Dynamic Duos: Couples Pair Up on Locally Made Wine

Love and wine just seem to go together. And for some Washington winemaking couples, their mutual lov
Shannon Borg  |   February 2011   |  FROM THE PRINT EDITION
Chelan couple Heather and Dean Neff share a passion for making wine (Dean makes reds; Heather, whites) at Nefarious Cellars

Love and wine just seem to go together. And for some Washington winemaking couples, their mutual loves—for wine and for one another—is what adds passion to the process. At Nefarious Cellars in Chelan, for instance, husband and wife Dean and Heather Neff have split the winemaking duties: Dean makes all the red wines; Heather crafts the whites. “We both wanted to be winemakers and have our own realms, and it seemed the clearest way to do it,” says Heather. “I think the process of making white wine is exciting, to take grapes we’ve grown in our own vineyard and have a vision for where the wine will go. Dean really enjoys working with red wine.”

Until a few years ago, Dean got his red grapes from vineyards in other parts of the Columbia Valley, because Chelan is thought to be too cool to ripen red grapes. But the Neffs resisted popular opinion and planted Syrah and Malbec in their aptly named Defiance Vineyard, just outside their tasting room overlooking Lake Chelan. Heather works with Viognier from this vineyard, and other white grapes, including Riesling, from the Neffs’ other vineyard blocks—Rocky Mother and Stone’s Throw—near Pateros, north of Chelan.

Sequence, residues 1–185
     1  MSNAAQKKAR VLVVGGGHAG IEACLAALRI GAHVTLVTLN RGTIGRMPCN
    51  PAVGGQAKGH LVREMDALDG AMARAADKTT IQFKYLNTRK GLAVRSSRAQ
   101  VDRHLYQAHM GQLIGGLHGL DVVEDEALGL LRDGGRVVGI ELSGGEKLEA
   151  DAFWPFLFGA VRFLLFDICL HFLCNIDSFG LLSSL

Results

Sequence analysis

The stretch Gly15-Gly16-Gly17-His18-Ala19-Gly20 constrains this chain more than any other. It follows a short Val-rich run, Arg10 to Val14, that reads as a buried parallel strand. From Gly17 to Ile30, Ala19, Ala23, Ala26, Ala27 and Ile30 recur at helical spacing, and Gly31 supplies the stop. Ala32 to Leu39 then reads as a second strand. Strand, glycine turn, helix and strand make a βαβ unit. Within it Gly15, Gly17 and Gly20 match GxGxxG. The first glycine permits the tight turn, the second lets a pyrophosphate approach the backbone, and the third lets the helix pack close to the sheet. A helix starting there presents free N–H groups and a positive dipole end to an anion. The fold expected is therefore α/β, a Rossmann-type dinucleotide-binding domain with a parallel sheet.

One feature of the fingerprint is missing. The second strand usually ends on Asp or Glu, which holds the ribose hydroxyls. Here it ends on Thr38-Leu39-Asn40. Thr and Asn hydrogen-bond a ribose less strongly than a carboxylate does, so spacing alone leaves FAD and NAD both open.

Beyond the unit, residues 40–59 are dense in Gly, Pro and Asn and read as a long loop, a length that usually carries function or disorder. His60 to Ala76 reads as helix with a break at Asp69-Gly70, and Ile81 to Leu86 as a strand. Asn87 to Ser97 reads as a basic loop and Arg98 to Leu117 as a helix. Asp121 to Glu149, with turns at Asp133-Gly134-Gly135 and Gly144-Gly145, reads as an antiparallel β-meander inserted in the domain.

Many other couples in the Washington wine industry work together in different ways. Some, like Kay Simon and Clay Mackey of Chinook Wines in Prosser, balance each other by focusing on different tasks. Clay sources fruit and works the vineyards, making sure Kay gets the best fruit for her award-winning wines. Poppie and James Mantone of Syncline Cellars in Lyle and Nina Buty Foster and Caleb Foster of Buty Winery in Walla Walla share every aspect of their businesses—working in the winery, collaborating on making and blending wines, as well as marketing and sales. And some couples work for completely different wineries. Marie-Eve Gilla and Gilles Nicault, for example, are award-winning winemakers for two different Walla Walla wineries—Forgeron and Long Shadows, respectively.

Walla Walla couple Ashley Trout and Brian Rudin also work at different wineries. Ashley is the winemaker/owner of Flying Trout Wines and travels to Tero Estates in Oregon, and also to Mendoza, Argentina, to make white wine from Torrontés grapes (she also makes Syrah and Malbec from Washington fruit). Husband Brian is the head winemaker for Buried Cane and Cadaretta wineries in Walla Walla. Ashley and Brian support each other in their adventures, helping each other work through the challenges of making wine. Brian likes that he and Ashley can travel together, work the same events, and talk about what is happening in the vineyards. “We really respect each other’s opinions,” he says. “And we taste a lot of other wines and develop our palates together.”

Whether winemaking couples collaborate through the whole process or give each other freedom in the winery, they do what works for them. “We don’t have any input into each other’s process, so when it comes time to tasting each other’s wines, we can be totally honest,” says Heather Neff. In any case, the process is a labor of love in more ways than one, and the results give lucky wine drinkers some of Washington’s most delicious wines.